An invisible cloak, The poetry of hands, 31
An area of vorticity

To great clouds, light and free


For Mary Alice who loved Goodnight Irene and the memory of hearing Paulo on the guitar and Tom singing to her . . . we'll see you in our dreams / New Jersey / Nov. 2009

In the wonderful book The Leopard, Don Fabrizio reflects on his imminent death:

“With the slightest effort of attention he would notice at all other times too the rustling of the grains of sands as they slid lightly away, the instants of time escaping from his mind and leaving him for ever. But this sensation was not, at first, linked to any physical discomfort. On the contrary, this imperceptible loss of vitality was itself the proof, the condition so to say, of a sense of living; and for him, accustomed to scrutinizing limitless outer space and to probing vast inner abysses, the sensation was in no way disagreeable; this continuous whittling away of his personality seemed linked to a vague presage of the rebuilding elsewhere of a personality (thanks be to God) less conscious and yet broader. Those tiny grains of sand were not lost; they were vanishing, but accumulating elsewhere to cement some more lasting pile. Though 'pile,' he had reflected, was not the exact word for that matter. They were more like the tiny particles of watery vapor exhaled from a narrow pond, then mounting into the sky to great clouds, light and free.”   ~ Giuseppe di Lampedusa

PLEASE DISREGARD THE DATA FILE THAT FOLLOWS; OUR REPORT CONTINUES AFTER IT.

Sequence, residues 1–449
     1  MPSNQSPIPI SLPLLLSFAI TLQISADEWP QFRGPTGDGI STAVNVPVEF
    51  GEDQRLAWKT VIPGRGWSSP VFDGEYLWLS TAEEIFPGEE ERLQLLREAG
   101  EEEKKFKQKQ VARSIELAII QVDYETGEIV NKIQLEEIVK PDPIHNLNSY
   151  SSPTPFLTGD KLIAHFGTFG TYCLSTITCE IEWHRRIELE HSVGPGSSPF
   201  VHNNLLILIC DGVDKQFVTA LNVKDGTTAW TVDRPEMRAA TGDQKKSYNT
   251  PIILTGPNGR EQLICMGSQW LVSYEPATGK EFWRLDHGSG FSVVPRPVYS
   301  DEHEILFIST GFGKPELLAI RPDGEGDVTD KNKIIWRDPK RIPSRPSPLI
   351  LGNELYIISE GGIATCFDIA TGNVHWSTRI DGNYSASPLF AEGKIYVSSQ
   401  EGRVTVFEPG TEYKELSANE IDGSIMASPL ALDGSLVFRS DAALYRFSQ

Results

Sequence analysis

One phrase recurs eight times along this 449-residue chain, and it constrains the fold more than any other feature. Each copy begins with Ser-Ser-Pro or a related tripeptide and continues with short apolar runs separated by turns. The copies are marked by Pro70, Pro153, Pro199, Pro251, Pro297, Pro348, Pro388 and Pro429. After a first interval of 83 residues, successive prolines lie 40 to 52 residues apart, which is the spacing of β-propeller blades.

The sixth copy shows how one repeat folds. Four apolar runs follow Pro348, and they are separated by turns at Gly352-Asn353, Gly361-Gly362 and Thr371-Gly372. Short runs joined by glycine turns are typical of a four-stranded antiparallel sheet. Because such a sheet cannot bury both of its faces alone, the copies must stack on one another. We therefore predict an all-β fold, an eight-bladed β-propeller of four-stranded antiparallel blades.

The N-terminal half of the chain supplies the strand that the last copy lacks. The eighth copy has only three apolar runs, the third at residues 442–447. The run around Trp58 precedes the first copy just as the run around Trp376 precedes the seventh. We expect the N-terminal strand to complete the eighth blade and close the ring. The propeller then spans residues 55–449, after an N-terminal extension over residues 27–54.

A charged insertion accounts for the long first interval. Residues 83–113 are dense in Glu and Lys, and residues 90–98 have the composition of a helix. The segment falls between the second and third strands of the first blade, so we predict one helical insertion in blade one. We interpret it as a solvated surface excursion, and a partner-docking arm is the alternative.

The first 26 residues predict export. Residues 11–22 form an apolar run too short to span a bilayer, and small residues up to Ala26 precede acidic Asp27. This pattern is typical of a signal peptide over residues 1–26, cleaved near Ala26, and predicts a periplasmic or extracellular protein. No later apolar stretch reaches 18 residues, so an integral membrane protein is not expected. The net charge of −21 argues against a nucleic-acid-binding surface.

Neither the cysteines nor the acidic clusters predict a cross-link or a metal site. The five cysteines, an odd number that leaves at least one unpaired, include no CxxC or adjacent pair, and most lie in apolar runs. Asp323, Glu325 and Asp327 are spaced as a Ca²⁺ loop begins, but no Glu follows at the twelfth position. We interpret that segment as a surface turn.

I love this idea of things sliding away here and being rebuilt elsewhere as we age. It makes me wonder ... when people die do they also take little particles of those that they love with them to a new rebuilding? It would explain some of the feelings of loss -- as if parts of yourself are falling away.


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